Placing the Border in Everyday life
Routledge Border Regions Series
Edited by Reece Jones and Corey Johnson
Awarded 2016 Past Presidents' Gold Book Award from the Association of Borderlands Studies
Order online: Routledge
New paperback version on 01 August 2016
Bordering no longer happens only at the borderline separating two sovereign states, but rather through a wide range of practices and decisions that occur in multiple locations within and beyond the state’s territory. Nevertheless, it is too simplistic to suggest that borders are everywhere, since this view fails to acknowledge that particular sites are significant nodes where border work is done. Similarly, border work is more likely to be done by particular people than others. This book investigates the diffusion of bordering narratives and practices by asking ‘who borders and how?’
Placing the Border in Everyday Life complicates the connection between borders and sovereign states by identifying the individuals and organizations that engage in border work at a range of scales and places. This edited volume includes contributions from major international scholars in the field of border studies and allied disciplines who analyze where and why border work is done. By combining a new theorization of border work beyond the state with rich empirical case studies, this book makes a ground-breaking contribution to the study of borders and the state in the era of globalization.
Contributors: Chris Rumford, Anthony Cooper, Chris Perkins, Mat Coleman, Angela Stuesse, Kenneth Madsen, Anne-Laure Amilhat Szary, Emma Norman, Rainer Rothfus, Yakubu Joseph, Vanessa Lamb, Jennifer Turner, and Judith Miggelbrink.
‘A compelling and richly illustrated collection examining the everyday practices and impacts of bordering. If it is an exaggeration to say the border is everywhere, then the cases examined here nonetheless perceptively examine its diverse, uneven and variegated contemporary instantiations.’ - Stuart Elden, University of Warwick, UK, editor of Society and Space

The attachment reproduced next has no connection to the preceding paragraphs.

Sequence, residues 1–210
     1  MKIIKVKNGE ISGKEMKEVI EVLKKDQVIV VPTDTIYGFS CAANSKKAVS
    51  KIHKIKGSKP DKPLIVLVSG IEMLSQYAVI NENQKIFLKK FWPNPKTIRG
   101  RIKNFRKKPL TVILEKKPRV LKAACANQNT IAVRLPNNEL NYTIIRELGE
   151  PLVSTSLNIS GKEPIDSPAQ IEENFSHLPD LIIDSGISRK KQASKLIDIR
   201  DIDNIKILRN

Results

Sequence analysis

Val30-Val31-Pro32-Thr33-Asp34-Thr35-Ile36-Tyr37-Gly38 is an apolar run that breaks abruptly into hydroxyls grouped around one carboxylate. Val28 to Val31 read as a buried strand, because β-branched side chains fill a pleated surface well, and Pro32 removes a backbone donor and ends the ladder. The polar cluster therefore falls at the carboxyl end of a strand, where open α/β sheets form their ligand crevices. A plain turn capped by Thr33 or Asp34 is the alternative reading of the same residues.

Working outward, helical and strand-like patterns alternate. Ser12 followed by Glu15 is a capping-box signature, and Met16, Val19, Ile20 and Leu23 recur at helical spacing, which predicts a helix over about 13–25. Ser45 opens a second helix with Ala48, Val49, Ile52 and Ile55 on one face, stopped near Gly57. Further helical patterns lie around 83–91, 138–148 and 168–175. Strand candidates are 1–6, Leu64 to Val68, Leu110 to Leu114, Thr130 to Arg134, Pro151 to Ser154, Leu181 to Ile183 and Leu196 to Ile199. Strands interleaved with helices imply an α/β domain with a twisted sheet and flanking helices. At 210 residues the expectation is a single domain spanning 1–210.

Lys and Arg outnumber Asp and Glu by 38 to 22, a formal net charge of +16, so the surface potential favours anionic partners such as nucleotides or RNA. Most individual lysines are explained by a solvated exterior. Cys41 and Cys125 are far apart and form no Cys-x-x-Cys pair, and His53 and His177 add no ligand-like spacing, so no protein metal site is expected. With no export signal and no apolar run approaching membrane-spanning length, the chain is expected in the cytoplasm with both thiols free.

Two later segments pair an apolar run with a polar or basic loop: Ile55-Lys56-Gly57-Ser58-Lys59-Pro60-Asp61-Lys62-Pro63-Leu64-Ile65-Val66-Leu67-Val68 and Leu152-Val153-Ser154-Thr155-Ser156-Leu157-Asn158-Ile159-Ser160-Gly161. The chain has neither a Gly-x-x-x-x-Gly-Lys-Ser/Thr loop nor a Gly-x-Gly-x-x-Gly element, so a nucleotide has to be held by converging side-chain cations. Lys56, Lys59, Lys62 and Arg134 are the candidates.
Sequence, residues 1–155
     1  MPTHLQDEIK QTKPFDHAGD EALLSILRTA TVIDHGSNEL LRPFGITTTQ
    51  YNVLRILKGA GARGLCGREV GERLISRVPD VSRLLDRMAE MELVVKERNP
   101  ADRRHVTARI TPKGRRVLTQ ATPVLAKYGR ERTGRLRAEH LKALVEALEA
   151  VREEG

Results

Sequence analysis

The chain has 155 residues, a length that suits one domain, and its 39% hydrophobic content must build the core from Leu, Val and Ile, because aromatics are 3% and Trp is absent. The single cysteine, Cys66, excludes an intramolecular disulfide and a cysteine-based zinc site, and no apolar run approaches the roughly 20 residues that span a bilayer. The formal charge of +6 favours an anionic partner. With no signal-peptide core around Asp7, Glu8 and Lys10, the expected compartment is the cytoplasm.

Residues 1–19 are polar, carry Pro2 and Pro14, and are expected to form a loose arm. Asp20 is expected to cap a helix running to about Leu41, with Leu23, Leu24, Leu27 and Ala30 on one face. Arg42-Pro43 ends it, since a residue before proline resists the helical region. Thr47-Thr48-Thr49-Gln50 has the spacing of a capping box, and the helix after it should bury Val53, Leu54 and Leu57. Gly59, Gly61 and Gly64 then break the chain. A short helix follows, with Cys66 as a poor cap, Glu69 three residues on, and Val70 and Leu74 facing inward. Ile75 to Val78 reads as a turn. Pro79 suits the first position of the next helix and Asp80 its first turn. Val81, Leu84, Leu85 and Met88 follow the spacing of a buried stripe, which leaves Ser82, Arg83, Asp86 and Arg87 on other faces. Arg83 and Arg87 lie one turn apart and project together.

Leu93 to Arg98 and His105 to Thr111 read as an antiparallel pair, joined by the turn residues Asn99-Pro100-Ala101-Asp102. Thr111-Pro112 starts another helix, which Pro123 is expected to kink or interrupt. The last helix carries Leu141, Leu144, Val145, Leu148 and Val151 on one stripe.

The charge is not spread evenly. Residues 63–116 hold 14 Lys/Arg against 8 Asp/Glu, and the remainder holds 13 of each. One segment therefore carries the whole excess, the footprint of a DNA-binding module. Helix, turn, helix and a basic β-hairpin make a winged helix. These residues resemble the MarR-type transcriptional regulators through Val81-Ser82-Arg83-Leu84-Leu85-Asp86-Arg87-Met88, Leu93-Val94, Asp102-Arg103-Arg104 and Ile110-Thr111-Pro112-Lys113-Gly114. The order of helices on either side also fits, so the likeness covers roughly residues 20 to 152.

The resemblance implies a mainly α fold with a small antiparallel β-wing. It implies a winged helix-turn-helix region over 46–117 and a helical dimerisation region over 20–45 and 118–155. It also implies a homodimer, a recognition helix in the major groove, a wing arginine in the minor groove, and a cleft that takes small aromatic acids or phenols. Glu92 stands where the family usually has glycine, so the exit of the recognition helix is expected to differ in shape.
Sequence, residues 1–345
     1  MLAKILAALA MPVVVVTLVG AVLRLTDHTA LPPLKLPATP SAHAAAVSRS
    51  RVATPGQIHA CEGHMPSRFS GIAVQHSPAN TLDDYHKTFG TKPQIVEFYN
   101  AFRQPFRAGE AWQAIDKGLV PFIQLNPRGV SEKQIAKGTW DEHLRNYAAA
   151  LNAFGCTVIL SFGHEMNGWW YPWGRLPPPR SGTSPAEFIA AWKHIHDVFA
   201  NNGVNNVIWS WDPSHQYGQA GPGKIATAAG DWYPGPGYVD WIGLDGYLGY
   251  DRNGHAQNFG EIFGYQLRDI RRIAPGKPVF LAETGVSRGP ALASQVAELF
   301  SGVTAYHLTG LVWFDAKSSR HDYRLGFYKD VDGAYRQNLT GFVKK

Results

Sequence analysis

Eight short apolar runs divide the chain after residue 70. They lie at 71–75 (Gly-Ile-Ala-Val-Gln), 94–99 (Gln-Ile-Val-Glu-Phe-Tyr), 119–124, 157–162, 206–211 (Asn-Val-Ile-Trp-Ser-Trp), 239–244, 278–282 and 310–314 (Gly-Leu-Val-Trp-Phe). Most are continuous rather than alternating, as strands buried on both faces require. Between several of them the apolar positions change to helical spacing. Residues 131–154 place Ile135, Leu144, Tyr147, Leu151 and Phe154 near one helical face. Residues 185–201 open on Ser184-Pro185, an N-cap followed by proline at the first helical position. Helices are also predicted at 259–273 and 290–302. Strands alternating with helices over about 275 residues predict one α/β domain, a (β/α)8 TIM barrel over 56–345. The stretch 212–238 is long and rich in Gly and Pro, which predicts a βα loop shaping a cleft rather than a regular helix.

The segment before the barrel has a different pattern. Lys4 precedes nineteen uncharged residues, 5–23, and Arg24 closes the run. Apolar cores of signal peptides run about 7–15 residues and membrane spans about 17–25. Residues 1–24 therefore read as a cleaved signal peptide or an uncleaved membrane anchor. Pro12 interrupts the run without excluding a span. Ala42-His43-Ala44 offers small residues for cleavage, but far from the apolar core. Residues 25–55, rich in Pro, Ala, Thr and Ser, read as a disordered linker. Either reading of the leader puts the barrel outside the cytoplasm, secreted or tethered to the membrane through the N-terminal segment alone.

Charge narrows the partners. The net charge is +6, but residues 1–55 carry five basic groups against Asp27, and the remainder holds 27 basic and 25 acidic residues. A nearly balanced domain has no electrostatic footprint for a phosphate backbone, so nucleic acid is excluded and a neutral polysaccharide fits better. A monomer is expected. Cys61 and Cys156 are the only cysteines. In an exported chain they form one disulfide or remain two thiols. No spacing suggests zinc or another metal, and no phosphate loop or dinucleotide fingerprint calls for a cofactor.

‘Border research is today one of the most vibrant interdisciplinary fields in social and cultural sciences. Instead of seeing borders as fixed lines, scholars increasingly regard them as mobile elements that may be located far away from the edges of territories. Borders are produced and reproduced by various state and non-state agents in border areas and elsewhere in societies and influence the everyday lives of individuals and social groupings in many ways. This excellent collection, written by experienced border scholars, provides the reader with some exciting and novel perspectives to understand the complexities of current border work. The collection not only includes useful concrete illustrations from various states but is also theoretically informed.’ - Anssi Paasi, University of Oulu, Finland
‘The study of borders has undergone a major renaissance during the past two decades. This has been partly due to the mistaken notion that the world was becoming borderless as a result of globalization and because of the collapse of the walls separating countries inside Europe. But we have also witnessed a growth in the number of walls and fences which have been constructed by states ever since the events of 9/11 as they seek to create secure spaces against the new external threats - be they terrorism or illegal migrants. Jones and Johnson's text highlights these contrasting trends and processes as they draw on diverse border experiences throughout the world, clearly showing the impact of borders at the local level and on the daily life practices of thousands of people who live nearby or who attempt to cross these borders. The book is to be recommended for anyone who wants to understand just how important borders remain in the contemporary world but equally how the significance and functions of borders are redefined as a result of global and geopolitical change.’ - David Newman, Ben-Gurion University, Israel, and Editor, Geopolitics